Is it OK that the band has a female lead singer? The "Ershad" employee looks incredulously at the two. "Is that out of the question? Oh – and our singer has a piercing," says Anoosh. "Are you crazy?" she says, but also says: "The whole of Iran would like to have female singers." Which is certainly true.

There is no chance that the album and band will be officially authorised. So the duo must reproduce the album cover without permission and distribute their music to audiences illegally.

Most printers and copyshops in Tehran refuse: too risky. The business could be closed down for printing an illegal album cover. They do eventually find a printing shop, but few music shops that dare to sell the album – under the counter, of course. "I've just had to close my shop for a month," says one owner, "although I had a permit." "What kind of music was it then?" ask Anoosh and Arash. "Just regular metal," comes the response. But the heavy metal scene in Iran also runs risks.

"The Islamic Republic wants to be lied to"

In other shops they receive more pragmatic advice. It is suggested to the duo that they print two covers, a harmless one for display purposes and another for sale to interested customers. "That's how the Islamic Republic functions," says the owner. "It wants to be lied to." A hip cafe in Tehran agrees to play the CD now and again. But the owners are nevertheless cautious, because of regular police checks. "Haven't things got better under Rouhani?" "No, the same damned system as before," they say.

After a long night of partying, when the music was again not turned off quickly enough during a raid, the police detain Anoosh. He ends up in a cell and later reports that he was there with 70 dangerous criminals. The two musicians say they would like to be able to leave Iran and its absurd state controls.

Despite postal censorship, they send a few copies of their album to international festivals where they'd like to perform. They meet a trafficker to find out how they can leave Iran illegally.  He offers to help, but for a high price. For 100,000 tuman he can get everything, a fake passport, visa, health insurance, employment papers, bank statements.

Strangers in a strange place

Suddenly, the two receive a promising response. The Lethargy Festival in Zurich comes back with an invitation. It's probably no coincidence that the two are invited to Switzerland, in view of the fact that they are being accompanied and helped by the Swiss director. Anoosh and Arash are excited and full of hope. When the last step is completed and there's a Swiss visa in their passports, other fundamental questions arise. Is this their chance to leave Iran, forever? And is this what they really want?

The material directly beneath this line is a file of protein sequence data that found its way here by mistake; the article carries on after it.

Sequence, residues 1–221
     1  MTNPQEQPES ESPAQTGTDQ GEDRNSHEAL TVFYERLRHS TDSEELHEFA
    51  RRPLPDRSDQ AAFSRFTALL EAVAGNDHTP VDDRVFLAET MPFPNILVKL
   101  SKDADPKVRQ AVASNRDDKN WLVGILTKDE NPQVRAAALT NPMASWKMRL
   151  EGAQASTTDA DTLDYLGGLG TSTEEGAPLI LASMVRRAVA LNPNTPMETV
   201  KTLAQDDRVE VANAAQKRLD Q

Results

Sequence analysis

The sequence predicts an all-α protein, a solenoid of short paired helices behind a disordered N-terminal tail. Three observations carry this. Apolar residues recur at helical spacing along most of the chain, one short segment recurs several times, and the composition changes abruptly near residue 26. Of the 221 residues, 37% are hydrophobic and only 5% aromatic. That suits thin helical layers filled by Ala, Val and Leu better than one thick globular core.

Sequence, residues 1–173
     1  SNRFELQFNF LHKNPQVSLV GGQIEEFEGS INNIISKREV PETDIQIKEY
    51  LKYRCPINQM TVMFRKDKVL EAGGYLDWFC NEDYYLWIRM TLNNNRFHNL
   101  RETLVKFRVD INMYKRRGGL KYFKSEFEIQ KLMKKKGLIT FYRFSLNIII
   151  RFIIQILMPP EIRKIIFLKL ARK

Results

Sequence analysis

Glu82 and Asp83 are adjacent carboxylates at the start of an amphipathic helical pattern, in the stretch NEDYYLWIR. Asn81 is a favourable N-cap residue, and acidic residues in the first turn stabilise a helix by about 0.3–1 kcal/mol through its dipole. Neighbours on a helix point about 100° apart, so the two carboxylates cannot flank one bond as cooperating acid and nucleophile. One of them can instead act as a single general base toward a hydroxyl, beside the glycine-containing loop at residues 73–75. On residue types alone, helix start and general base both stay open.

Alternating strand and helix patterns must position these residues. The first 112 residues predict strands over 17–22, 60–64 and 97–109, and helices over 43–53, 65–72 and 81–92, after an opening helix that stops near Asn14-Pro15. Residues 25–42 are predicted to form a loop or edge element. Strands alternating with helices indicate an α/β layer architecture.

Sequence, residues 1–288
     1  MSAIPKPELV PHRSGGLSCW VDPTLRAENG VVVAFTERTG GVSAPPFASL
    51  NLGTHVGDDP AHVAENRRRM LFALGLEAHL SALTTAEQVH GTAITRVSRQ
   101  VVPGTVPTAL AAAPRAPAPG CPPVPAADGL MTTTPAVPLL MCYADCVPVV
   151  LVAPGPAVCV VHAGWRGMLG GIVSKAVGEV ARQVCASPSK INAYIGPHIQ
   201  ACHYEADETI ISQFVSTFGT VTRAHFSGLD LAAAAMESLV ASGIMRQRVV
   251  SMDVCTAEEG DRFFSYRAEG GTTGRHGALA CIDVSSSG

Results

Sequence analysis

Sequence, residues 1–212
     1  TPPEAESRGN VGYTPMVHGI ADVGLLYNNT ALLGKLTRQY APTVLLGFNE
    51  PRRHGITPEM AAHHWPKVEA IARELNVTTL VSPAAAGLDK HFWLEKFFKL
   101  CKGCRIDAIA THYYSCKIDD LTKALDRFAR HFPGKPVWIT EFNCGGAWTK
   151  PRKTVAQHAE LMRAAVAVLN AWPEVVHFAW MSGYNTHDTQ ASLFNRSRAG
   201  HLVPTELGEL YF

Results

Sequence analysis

Their trip to Switzerland – they received visas for just five days – is amazing: at last, people are dancing without any inhibitions to their tracks in Zurich's "Rote Fabrik" venue. Local radio stations broadcast interviews; they enjoy the whole experience. But they nevertheless feel like strangers in a strange place. They are overcome with homesickness. Right up until the final scene they hesitate: should they stay or go? They only decide in the taxi to the airport.

Their story is characteristic of the many Iranian artists and intellectuals who make huge sacrifices for their basic right to freedom of expression and artistic liberty. They generally want just one thing: to remain in Iran and achieve this there. But for most this is not possible, or they risk their lives in the process.

With "Raving Iran", Susanne Regina Meures has succeeded in making a moving film that avoids cliche. Blurring the boundaries between the documentary and fictitious elements is an effective filmic approach. The movie provides an insight into a contradictory nation with a society that by no means reflects the trite cliches of the mullah state, but that still restricts its predominantly young population in an unbearable fashion, forcing them into exile.

Rene Wildangel

© Qantara.de 2016

Translated from the German by Nina Coon